by a Newsnet reporter
In 2000, 8 year old Sarah Payne was abducted and murdered. Her killer is now serving a life sentence. In the aftermath of the loss of her daughter under such appalling circumstances, her mother Sara embarked upon a campaign to allow parents the right to know whether a convicted child sex offender was living in their area. Called Sarah’s Law, the campaign was actively supported by the News of the World, then edited by Rebekah Brooks (then Rebekah Wade).
As recently as the closure of the NotW, Mrs Payne was one of the paper’s supporters. She wrote an article for the final edition publication in which she praised the “good work” it had done and referred to its staff as her “good and trusted friends”. But now police have informed Mrs Payne that she may have been one of the newspaper’s victims. According to friends she is “devastated” by the news.
The Guardian newspaper reported yesterday that Rebekah Brooks had given Mrs Payne a mobile telephone in order to assist her campaigning work. Details of this telephone were found in the notes made by private investigator Glenn Mulcaire, which police are currently sifting through in order to identify the victims of illegal phone-hacking attempts. It is understood that officers have discovered evidence in the notes which suggests the phone may have been hacked.
Rebekah Brooks insists that the phone was not a personal gift but was given to Mrs Payne by the paper, “for the benefit of the campaign for Sarah’s law”
In a statement released last night Mrs Brooks said: “These allegations are abhorrent and particularly upsetting as Sara Payne is a dear friend.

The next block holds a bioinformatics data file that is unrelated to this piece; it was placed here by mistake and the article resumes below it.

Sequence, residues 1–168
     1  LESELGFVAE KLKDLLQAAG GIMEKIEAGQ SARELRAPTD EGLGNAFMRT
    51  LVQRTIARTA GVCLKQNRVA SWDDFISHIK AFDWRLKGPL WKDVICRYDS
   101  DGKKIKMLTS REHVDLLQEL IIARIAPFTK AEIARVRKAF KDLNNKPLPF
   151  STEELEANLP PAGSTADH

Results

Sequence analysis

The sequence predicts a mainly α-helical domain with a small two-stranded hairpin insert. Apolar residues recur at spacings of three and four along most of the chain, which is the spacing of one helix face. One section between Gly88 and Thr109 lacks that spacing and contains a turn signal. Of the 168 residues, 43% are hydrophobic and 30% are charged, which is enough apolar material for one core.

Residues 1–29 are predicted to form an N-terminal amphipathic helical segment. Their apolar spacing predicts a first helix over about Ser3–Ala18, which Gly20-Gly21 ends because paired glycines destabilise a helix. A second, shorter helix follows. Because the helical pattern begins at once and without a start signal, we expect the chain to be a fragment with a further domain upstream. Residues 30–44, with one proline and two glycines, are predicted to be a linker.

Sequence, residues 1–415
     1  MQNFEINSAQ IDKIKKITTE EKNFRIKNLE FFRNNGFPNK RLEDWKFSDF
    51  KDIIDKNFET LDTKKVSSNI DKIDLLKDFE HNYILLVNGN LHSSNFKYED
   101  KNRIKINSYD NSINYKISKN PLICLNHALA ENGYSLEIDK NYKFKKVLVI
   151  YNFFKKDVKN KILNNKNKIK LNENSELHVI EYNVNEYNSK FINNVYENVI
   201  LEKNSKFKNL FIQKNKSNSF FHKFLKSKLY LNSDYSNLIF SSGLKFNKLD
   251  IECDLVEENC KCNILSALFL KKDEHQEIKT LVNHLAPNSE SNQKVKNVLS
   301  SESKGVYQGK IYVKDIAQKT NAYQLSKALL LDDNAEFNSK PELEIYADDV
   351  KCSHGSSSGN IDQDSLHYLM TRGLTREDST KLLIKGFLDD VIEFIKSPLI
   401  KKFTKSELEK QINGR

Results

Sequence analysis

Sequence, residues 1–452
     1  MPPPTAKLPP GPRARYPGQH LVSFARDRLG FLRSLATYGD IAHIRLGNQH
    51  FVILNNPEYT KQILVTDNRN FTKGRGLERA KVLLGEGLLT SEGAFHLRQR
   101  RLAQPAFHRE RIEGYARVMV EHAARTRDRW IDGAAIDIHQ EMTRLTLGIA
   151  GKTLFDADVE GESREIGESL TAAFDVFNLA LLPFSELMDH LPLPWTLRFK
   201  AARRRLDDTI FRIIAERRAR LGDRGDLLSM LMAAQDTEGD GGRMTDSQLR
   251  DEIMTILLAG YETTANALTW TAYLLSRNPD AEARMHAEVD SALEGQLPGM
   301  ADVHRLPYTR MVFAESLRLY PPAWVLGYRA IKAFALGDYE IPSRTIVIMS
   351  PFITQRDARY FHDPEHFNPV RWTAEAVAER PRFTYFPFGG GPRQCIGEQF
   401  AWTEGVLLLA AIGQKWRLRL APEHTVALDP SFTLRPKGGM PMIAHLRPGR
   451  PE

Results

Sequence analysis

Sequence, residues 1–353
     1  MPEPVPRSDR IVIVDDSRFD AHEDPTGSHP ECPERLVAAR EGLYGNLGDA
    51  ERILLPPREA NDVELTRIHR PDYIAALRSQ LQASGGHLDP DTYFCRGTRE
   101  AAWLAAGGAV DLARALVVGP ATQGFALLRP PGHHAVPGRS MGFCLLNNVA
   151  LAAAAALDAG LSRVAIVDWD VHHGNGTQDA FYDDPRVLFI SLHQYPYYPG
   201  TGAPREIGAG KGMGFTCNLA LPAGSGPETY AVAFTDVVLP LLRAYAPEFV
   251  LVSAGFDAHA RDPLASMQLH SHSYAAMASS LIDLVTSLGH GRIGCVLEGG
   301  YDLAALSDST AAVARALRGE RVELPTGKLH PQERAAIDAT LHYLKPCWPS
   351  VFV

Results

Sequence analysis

“For the benefit of the campaign for Sarah’s Law, the News of the World have provided Sara with a mobile telephone for the last 11 years …
“The idea that anyone on the newspaper knew that Sara or the campaign team were targeted by Mr Mulcaire is unthinkable. The idea of her being targeted is beyond my comprehension.
“It is imperative for Sara and the other victims of crime that these allegations are investigated and those culpable brought to justice.”
Mrs Brooks has been arrested in connection with the phone-hacking and corruption allegations. She denies all knowledge of any illegal activities at the paper.
As of last night, News International had yet to make a response to the latest allegations. Speaking to the BBC, Labour MP Tom Watson, a member of the Parliamentary committee investigating the affair, said: “Poor Sara Payne relied on these people to execute her campaign, they introduced her to politicians, they published literature for her, and now she, for the first time, has had confirmation that she was a target for one of News International’s private investigators.
“I don’t hear an apology from the company tonight, I don’t see any contrition, I just see an attempt to try and muddy the waters.”
In late developments last night Police officer Mark Underhill of Sussex police, who was involved in the investigation into the murder of Sarah Payne, has claimed that his phone may also have been hacked.